Who Needs Representative Democracy Anyway?

John R. McLaurin
President of the Pacific Merchant Shipping Association

To put it politely, Sacramento is dysfunctional. It is something that everyone agrees upon. For over a decade the State has enacted budgets that didn’t make any sense. But since we are a State that is governed by media events as opposed to policy, everyone declared victory. This self induced euphoria usually faded by late summer. And now, with a worldwide recession in full force, the penalty for avoiding their responsibilities as elected officials is coming due – and our elected leaders are paralyzed, impotent and afraid to act (some would say govern).

So how do we change things?

Lots of ideas have been thrown out for discussion recently. Some folks want to eliminate our bicameral system of government and narrow it down to a unicameral system. I would argue that despite having two legislative houses, the operational and political reality is that we already have a unicameral system – but unlike a unicameral system it just takes a bit longer for bills to move through our current system. Given the gracious and courteous practice of not killing bad bills (or any bills for that matter unless you are a Republican), we have in effect a unicameral system in place today. Why mess with perfection?

Others are calling for a Constitutional Convention. It springs to life images of Jefferson, Adams, Franklin and the lot holding forth with long drawn out debates to determine the public good. In reality, a state Constitutional Convention will become one long fund raiser. I can see it now, lofty debates involving elected officials, academics, common citizens and 15,000 registered lobbyists sandwiched in between golf tournaments, wine tasting and the like. Rest assured, all of these activities will take place for the good of the people.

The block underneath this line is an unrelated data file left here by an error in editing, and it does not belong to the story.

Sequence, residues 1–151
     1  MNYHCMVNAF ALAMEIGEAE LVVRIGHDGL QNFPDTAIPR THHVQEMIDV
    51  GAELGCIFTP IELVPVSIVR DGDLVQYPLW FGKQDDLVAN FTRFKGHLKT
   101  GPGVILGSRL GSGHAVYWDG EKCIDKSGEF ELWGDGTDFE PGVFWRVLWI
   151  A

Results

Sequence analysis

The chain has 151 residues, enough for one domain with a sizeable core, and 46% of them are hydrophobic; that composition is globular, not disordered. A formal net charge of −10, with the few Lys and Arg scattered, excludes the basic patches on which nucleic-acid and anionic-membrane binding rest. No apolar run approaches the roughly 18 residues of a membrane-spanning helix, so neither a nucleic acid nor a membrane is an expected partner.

I think a better option for governmental reform is the installation of a benevolent monarchy. Sacramento politics in many respects is a family affair. Nepotism and cronyism are alive and well. It’s tolerated. It’s expected. Hell, we’ve got brothers, parents, children, spouses, staff, and friends moving around from office to office in a choreographed term limited dance. The voters elect 120 legislators and a Governor to lead the State. Most years that gets distilled down to the Big Five (some years it is the Holy Trinity when the Republicans become totally irrelevant). I say let’s stop screwing around and institutionalize it with a benevolent monarchy.

According to the authority on most everything, Wikipedia, benevolent monarchs “…embraced the principles of the Enlightenment, especially its emphasis upon rationality, and applied them to their territories. They tended to allow religious toleration, freedom of speech and the press, and the right to hold private property. Most fostered the arts, sciences, and education.” You know, all the things that we don’t have in California.

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